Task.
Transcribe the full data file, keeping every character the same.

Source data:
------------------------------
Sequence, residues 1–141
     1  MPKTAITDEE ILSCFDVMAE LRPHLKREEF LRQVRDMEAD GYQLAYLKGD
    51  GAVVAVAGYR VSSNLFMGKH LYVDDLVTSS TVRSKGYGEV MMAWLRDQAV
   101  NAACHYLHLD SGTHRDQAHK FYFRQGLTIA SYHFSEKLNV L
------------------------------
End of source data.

Sequence, residues 1–141
     1  MPKTAITDEE ILSCFDVMAE LRPHLKREEF LRQVRDMEAD GYQLAYLKGD
    51  GAVVAVAGYR VSSNLFMGKH LYVDDLVTSS TVRSKGYGEV MMAWLRDQAV
   101  NAACHYLHLD SGTHRDQAHK FYFRQGLTIA SYHFSEKLNV L